Submitted to: Rockefeller Foundation Proceedings
Publication Type: Proceedings
Publication Acceptance Date: 6/1/1999
Publication Date: N/A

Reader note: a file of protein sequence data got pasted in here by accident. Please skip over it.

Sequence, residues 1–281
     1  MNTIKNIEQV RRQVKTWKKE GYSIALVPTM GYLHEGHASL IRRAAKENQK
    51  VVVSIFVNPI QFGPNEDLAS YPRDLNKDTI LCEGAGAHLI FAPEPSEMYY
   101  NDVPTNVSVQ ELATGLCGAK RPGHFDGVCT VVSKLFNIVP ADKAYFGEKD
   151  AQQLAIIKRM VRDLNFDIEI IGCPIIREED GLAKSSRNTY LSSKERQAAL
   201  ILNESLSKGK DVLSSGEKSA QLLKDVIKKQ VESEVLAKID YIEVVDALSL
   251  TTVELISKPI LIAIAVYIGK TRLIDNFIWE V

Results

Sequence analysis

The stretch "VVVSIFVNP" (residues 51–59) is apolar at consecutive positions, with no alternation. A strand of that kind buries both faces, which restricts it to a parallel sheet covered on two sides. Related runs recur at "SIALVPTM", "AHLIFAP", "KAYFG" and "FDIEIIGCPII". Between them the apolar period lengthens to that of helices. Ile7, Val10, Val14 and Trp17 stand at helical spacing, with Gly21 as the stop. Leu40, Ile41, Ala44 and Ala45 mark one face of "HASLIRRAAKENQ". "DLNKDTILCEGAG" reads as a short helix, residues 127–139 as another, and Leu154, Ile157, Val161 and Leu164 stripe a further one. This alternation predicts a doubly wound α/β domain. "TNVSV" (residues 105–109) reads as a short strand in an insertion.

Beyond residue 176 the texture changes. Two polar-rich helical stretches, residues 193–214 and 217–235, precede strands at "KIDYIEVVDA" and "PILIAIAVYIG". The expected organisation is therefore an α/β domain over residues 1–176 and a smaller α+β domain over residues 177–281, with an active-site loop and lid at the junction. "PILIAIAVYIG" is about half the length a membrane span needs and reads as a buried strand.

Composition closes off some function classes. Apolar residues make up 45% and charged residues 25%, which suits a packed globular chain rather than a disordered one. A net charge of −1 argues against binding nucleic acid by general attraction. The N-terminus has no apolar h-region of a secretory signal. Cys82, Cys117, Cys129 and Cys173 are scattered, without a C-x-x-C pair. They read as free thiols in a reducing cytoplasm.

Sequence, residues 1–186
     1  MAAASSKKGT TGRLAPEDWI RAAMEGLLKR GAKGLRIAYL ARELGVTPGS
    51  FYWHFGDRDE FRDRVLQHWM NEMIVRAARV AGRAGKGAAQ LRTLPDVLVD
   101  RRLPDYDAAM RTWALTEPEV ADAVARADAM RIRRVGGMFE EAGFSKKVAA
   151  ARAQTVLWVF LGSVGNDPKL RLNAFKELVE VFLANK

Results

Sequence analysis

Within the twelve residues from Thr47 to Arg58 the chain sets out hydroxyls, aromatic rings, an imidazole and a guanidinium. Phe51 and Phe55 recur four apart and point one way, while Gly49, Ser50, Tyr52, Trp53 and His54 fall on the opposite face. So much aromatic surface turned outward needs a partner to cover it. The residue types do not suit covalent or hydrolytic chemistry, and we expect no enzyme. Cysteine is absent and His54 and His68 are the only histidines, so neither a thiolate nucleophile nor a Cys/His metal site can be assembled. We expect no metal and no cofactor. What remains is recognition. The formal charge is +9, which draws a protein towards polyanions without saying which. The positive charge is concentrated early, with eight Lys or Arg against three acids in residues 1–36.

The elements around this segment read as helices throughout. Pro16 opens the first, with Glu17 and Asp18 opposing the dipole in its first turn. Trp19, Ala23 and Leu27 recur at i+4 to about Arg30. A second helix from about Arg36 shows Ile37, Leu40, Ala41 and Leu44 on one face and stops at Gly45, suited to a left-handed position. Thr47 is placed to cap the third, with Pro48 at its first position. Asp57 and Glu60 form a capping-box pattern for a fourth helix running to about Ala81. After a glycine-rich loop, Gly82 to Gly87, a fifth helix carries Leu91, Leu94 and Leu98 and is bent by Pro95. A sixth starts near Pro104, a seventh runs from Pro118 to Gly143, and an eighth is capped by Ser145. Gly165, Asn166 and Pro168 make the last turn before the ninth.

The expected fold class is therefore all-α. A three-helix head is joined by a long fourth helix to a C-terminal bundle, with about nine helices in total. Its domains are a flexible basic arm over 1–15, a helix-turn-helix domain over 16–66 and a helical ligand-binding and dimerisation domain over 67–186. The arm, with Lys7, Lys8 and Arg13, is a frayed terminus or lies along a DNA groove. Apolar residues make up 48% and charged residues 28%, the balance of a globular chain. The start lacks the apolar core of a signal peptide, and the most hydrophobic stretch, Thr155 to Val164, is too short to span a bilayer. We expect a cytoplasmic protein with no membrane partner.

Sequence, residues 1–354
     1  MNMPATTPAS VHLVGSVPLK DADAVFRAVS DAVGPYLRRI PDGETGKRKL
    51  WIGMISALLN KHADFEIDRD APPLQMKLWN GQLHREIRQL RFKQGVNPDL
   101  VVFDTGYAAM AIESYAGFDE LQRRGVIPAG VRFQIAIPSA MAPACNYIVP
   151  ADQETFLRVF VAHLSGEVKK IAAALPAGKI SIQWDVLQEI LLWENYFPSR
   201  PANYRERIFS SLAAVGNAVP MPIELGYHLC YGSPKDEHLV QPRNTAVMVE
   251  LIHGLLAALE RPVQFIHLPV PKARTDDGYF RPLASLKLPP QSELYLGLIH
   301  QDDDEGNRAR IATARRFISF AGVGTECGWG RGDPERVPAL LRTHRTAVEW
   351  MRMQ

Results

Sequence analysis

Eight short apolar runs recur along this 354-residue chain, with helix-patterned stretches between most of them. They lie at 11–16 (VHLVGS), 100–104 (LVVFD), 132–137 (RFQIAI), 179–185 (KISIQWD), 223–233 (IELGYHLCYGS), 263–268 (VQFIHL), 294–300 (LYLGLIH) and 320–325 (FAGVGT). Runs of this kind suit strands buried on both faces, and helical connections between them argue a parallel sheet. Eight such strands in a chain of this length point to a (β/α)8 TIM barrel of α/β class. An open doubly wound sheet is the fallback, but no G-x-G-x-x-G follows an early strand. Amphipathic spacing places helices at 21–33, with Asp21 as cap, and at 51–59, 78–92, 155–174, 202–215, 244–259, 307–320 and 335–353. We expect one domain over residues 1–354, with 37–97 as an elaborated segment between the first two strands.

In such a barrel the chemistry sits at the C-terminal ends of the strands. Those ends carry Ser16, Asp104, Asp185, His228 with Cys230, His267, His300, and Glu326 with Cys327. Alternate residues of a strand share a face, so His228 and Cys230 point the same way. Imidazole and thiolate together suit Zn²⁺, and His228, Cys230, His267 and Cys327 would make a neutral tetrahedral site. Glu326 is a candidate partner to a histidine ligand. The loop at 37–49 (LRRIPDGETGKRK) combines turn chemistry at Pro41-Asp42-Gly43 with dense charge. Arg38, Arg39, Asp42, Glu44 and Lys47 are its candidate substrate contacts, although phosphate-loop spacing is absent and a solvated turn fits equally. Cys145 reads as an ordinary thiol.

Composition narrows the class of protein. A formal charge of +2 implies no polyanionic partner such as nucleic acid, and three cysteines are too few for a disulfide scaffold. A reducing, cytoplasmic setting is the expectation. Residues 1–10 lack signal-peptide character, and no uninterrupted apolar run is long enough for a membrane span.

Technical Abstract: The development of hybrid rice and the use of high yielding foreign germplasm to develop new cultivars have been hindered by low milling quality (MQ). It is difficult to select for MQ early in the breeding process because of segregation for kernel morphology and chemistry and because of the large impact variable macro- and micro-environments have on this trait. The purpose of this research was to identify genomic regions associated with MQ and with aspects of kernel morphology and chemistry known or hypothesized to be associated with milling quality in order to clarify the relationships between these kernel traits and MQ, and to identify molecular markers breeders can use for selecting for improved MQ. A population of 284 recombinant inbred lines (RILs) was developed from a Lemont x Teqing cross and characterized for 175 RFLP probes. Seed samples carefully harvested from two 1997 field replications were characterized for rkernel shape (length, width, thickness, and length/width ratio) and MQ as indicated by percent whole kernels after milling using a standard milling process. Interval mapping identified a total of eight chromosomal regions associated with MQ, two of which are of particular interest to us because they are apparently independent from grain shape, and may be affecting grain hardness. These two loci each accounted for 6-8% of the total variance observed in percent head rice in 1997. This would translate into a 4% increase in head rice resulting from the incorporation of a single gene into a new variety which would result in on-farm income of $9.50 per acre. Thus, control over genes such as the two shape-independent MQ loci identified here can significantly benefit U.S. rice producers. Data collected from 1998 seed will be used to verify these putative QTLs.